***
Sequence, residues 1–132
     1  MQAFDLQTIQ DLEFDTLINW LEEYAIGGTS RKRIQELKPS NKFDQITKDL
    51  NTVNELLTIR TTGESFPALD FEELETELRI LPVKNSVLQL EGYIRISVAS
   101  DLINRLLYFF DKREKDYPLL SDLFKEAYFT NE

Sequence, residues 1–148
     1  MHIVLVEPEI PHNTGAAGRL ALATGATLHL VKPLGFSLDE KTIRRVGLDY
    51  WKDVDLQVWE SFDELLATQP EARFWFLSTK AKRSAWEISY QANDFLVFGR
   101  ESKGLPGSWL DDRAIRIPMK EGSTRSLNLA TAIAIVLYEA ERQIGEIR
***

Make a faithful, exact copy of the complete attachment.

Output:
Sequence, residues 1–132
     1  MQAFDLQTIQ DLEFDTLINW LEEYAIGGTS RKRIQELKPS NKFDQITKDL
    51  NTVNELLTIR TTGESFPALD FEELETELRI LPVKNSVLQL EGYIRISVAS
   101  DLINRLLYFF DKREKDYPLL SDLFKEAYFT NE

Sequence, residues 1–148
     1  MHIVLVEPEI PHNTGAAGRL ALATGATLHL VKPLGFSLDE KTIRRVGLDY
    51  WKDVDLQVWE SFDELLATQP EARFWFLSTK AKRSAWEISY QANDFLVFGR
   101  ESKGLPGSWL DDRAIRIPMK EGSTRSLNLA TAIAIVLYEA ERQIGEIR